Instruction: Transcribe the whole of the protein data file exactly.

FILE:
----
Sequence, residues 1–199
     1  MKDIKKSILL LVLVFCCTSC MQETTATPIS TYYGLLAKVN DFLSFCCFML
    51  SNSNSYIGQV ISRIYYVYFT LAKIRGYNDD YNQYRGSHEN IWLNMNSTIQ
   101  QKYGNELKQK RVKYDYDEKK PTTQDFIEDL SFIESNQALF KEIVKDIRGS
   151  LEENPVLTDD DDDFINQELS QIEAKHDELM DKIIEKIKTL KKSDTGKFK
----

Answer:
Sequence, residues 1–199
     1  MKDIKKSILL LVLVFCCTSC MQETTATPIS TYYGLLAKVN DFLSFCCFML
    51  SNSNSYIGQV ISRIYYVYFT LAKIRGYNDD YNQYRGSHEN IWLNMNSTIQ
   101  QKYGNELKQK RVKYDYDEKK PTTQDFIEDL SFIESNQALF KEIVKDIRGS
   151  LEENPVLTDD DDDFINQELS QIEAKHDELM DKIIEKIKTL KKSDTGKFK